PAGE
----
MU Vets Seeing More Horses with Nutritional Issues This Year
June 11, 2007
Story Contact: Christian Basi, 573-882-4430, BasiC@missouri.edu
COLUMBIA, Mo. — While much of the Midwest has recovered from the drought that parched the area last year, horses are continuing to experience effects from the hot dry summer of 2006. Due to a bad hay crop, University of Missouri-Columbia veterinarians are reporting an increased number of horses with chronic selenosis and vitamin E deficiency, problems that can be fatal.
“Last year's drought meant that Missouri's hay crop, which is usually balanced very well for a horse's nutrition, was much poorer than usual,” said Philip Johnson, professor of veterinary medicine and surgery. “Because of the poor Missouri hay crop, horse owners imported hay from other states nearby and possibly fed their horses hay that was too high in selenium. This can have very grave consequences for horses. Owners also may have fed their horses poor quality hay from Missouri or other places, which led to deficiencies in vitamin E, another very dangerous problem for horses.”
Selenium is a naturally occurring element and is an essential part of horse diets. However, too much or too little can create problems for a horse. When chronic selenosis, or selenium poisoning, occurs from eating too much of the element, horses can lose the hair in the mane and tail and develop a form of laminitis, a painful condition that affects the hoof. If left untreated for too long, a horse with chronic selenosis may require euthanasia as a result of severe laminitis.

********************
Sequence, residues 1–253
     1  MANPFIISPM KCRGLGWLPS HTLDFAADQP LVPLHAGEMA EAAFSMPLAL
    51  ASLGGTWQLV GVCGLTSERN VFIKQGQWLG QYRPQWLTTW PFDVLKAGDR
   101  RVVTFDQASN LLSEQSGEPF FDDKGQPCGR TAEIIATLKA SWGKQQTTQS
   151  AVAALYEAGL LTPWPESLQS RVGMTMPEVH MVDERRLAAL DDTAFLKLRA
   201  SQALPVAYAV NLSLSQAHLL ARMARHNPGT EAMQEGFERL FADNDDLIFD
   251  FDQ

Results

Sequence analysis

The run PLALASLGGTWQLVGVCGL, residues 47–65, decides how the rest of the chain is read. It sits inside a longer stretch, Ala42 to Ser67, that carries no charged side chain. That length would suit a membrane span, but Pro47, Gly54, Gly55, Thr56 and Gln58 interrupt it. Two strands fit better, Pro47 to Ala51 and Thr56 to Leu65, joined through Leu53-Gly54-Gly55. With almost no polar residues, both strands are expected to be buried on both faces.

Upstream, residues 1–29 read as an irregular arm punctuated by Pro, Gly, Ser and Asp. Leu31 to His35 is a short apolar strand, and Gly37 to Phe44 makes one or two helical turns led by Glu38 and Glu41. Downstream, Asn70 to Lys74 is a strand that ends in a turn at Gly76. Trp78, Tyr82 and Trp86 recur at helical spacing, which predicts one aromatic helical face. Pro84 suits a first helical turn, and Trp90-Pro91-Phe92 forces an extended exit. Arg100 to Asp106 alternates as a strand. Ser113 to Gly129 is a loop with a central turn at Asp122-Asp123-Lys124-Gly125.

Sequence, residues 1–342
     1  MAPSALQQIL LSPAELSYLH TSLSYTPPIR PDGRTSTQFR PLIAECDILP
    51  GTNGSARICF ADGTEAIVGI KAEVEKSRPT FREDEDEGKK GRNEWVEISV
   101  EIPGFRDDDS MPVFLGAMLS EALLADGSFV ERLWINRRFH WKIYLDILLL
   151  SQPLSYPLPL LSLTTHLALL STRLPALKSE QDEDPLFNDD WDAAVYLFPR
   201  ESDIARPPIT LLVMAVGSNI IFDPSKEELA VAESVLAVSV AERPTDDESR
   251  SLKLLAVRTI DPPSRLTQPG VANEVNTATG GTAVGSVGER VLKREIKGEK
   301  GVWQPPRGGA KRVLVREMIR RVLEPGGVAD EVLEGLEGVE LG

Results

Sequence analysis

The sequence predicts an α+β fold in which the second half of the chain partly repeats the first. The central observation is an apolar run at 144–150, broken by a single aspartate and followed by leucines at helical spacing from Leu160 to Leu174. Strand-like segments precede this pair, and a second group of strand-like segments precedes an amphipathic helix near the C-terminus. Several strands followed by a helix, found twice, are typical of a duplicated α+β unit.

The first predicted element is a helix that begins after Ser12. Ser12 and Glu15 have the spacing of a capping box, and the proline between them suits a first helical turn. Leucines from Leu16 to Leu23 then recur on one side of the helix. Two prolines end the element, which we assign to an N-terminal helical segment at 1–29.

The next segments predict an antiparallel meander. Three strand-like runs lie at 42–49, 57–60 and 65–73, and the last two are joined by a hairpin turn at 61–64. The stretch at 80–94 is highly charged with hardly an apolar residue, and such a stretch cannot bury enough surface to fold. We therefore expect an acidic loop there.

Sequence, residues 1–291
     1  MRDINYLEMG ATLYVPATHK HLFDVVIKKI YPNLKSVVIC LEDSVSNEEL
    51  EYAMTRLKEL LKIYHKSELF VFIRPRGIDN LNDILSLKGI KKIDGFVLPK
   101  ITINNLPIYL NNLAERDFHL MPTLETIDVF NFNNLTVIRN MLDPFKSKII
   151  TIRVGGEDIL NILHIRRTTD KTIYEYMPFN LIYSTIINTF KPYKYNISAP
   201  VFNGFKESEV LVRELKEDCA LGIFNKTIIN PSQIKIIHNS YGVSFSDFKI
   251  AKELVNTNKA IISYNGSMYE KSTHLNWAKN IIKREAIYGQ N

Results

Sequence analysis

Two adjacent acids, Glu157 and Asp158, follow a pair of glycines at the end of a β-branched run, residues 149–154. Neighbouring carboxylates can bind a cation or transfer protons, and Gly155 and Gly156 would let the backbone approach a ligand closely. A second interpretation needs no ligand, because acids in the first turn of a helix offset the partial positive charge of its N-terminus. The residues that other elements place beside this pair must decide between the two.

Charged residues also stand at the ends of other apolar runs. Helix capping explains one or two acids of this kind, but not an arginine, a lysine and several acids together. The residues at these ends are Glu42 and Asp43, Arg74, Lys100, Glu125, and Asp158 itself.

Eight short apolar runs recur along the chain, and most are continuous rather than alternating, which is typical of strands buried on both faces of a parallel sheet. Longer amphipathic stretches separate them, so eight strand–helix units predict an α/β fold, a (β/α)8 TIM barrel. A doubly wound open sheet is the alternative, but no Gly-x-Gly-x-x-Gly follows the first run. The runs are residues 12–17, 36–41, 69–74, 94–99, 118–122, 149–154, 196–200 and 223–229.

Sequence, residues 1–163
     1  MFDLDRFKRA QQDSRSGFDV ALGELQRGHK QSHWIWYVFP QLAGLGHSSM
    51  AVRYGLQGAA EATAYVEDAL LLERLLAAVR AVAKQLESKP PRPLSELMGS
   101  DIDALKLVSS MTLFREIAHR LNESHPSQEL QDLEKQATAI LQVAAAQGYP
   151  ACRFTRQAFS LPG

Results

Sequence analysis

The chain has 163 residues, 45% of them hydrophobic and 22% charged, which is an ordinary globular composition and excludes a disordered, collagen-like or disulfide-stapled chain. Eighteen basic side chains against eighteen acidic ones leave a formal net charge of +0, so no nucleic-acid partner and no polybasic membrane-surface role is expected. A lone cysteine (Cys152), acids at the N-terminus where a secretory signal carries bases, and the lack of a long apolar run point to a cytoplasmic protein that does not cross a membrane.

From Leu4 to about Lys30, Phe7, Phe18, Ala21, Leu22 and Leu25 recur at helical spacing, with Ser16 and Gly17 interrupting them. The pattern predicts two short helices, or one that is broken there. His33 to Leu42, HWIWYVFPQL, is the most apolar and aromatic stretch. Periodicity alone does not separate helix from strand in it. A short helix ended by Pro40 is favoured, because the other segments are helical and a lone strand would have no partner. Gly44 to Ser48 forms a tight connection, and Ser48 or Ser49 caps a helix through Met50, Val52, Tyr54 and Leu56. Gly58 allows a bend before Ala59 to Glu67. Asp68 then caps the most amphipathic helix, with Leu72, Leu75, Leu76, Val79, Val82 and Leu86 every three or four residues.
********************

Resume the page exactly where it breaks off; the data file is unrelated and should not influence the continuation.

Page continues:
Johnson said that the amount of selenium in hay can vary by county throughout the nation, but that Missouri hay typically has just the right amount of the essential element. For a small fee, horse owners can have their hay tested to determine if it has the right amount of selenium in it.
In addition, hay that is not fresh can lack vitamin E, an antioxidant which is important for nerve health in a horse. Some horse owners unknowingly compensate for this deficiency by feeding their animals with nutritional supplements. Those horses that suffer from a vitamin E deficiency typically show symptoms that include weakness, loss of weight, trembling and changes in the retina at the back of the eyeball. A quick blood test can determine if the animal is suffering from a vitamin E deficiency. Johnson recommends that horse owners who imported hay from unknown sources last year either have the hay tested or keep a close watch on their horses. Horses that do not have access to green grass and that are being fed old yellow hay are at risk.
“Usually, by the time the horse is showing symptoms of either problem, it may be too late to reverse the disease completely,” Johnson said. “However, if a horse owner has other horses that are feeding from the same food source, it's important to have those animals treated before the damage is permanent.”
Craig Roberts, a professor of agronomy in the College of Agriculture, Food and Natural Resources at MU, says the quantity of this year's hay crop will be down 50 percent to 75 percent from normal, but the nutritional value will be good.
“Last year, we had the drought, which affected both the quantity and the quality of the hay,” Roberts said. “This year, we had a late freeze, which mainly affects the yield. Overall, we will be down, but the drought last year was far worse.”